Our Customer Service Center operates 24/7 rpioartssperenddusctihnegetxhteradmebot,nbeyutoonnilmy pffroNvigineg- -° knowledge or consent - and then passing
- offering ar0und-the-cl0ck answers to your lives anddiversifying the economy. ’q-here : on the result to the patients’ employers,
uestions - and better access to service, must be a dividend to democracy for the ° media reported at the end of August.
¯ ° The University of Witwatersrand’s
people of Nigeria," Clinton said. ¯
Now it’s easier for you to inquire Clinton, accompanied by danghter i AIDS Law Project has filed complaints
against the doctors with the Health Prac- about your monthly electric bill. Chelsea, began his day with services at a °
titioners AssociationofSouthAfrica. The
Or report a power outage. Or Baptist church in Abuja, and then ventured
outside the capital to get a firsthand -" tests were performed at the request of the
arrange to have your look Sunday at both the pageantry and ~
patients’ employers, the Johannesburg
F.-verty of life in Ushafa, a pottery-mak- ° newspaper the Saturday Star reported.
power turned on or ing center. ’‘icame to Nigeria to express ¯" Most patients were not given counsel-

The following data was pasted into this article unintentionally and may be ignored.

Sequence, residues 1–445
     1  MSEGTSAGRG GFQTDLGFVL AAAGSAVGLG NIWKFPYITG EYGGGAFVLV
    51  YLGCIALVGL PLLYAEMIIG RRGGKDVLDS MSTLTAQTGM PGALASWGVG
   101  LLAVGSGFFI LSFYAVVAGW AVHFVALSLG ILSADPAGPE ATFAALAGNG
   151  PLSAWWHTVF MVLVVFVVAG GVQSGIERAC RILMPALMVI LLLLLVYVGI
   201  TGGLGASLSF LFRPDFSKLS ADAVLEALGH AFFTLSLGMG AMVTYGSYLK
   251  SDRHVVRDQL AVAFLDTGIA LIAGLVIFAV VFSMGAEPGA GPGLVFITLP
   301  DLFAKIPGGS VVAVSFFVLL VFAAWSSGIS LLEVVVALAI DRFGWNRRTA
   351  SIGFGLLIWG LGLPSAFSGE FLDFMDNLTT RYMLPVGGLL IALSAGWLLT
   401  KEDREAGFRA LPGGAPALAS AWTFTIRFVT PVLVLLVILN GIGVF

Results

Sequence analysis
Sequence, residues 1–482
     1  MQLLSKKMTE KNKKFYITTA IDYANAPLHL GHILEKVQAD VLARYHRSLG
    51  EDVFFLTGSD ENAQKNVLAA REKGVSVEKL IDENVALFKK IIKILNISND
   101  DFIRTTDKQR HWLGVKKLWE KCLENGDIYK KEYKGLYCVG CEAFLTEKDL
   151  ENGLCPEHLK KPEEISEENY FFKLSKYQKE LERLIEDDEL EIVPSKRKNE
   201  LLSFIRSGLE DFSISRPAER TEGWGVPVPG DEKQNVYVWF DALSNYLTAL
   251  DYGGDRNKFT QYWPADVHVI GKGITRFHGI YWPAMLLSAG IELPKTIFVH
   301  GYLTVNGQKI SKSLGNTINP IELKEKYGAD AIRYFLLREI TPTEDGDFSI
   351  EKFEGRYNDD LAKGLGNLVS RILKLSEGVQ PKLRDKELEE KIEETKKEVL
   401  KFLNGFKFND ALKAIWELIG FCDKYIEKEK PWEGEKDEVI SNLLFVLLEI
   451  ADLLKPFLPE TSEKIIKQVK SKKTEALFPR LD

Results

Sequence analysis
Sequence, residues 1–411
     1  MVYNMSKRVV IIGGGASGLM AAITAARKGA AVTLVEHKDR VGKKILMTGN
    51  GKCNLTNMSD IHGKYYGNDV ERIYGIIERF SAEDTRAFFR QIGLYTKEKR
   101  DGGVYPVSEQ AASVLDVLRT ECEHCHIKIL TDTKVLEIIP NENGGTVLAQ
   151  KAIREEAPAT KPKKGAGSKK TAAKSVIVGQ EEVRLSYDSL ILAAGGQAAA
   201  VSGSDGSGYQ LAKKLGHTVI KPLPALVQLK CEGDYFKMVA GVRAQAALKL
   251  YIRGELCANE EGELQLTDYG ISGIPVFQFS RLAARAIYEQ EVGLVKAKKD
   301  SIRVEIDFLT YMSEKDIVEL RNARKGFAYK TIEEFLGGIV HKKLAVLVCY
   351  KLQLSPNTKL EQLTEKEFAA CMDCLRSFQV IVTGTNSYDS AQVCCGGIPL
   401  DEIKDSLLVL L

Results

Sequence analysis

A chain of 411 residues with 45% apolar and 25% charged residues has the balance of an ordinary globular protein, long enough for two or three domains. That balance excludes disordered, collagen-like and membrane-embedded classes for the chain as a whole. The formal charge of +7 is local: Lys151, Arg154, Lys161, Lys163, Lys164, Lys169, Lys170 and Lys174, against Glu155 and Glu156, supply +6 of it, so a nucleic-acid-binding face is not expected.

. off. Our professionally the support of the people of the United "- ing before or after the test, the group said,
" States,"Clintontoldvillagersfromamake- ; adding that in some cases, test results
trained, friendly and shift platform. ~"VVe snpport your democ- "
were sent directly to the employer without
¯ informing the patient. knowledgeable customer racy. ""
I~LhairatAbdulrazaq Gwadabe, whorep- A positive result meant almost certain
service representatives are resents the village in the Nigerian Senate, "
dismissal, the group said. In a fifth of the
standing by to serve you. said she explained Clinton’s visit to vii- "
cases, the employee was a domestic
¯ worker. "It’s nothing less than total dis- All day, every day. lagers ahead of time¯ "I had to translate it - as the king of the world himself is coming. : crimination. The doctor is not concerned
¯ with the well-being of the patient, just the
To provide faster response The president of the world is coming to.. continued loyalty of the employer who
to your needs, we have listed their chief," Gwadabe said. "o wants to know if their employee is HIV
our t011-free numbers below. Dominican Republic : positivet,h"weitphroject.SaiJdennifer Joni, an attomey
Hosts Drug Tests : According to the Health Practitioners ¯ Association’s rules, HIV tests can only be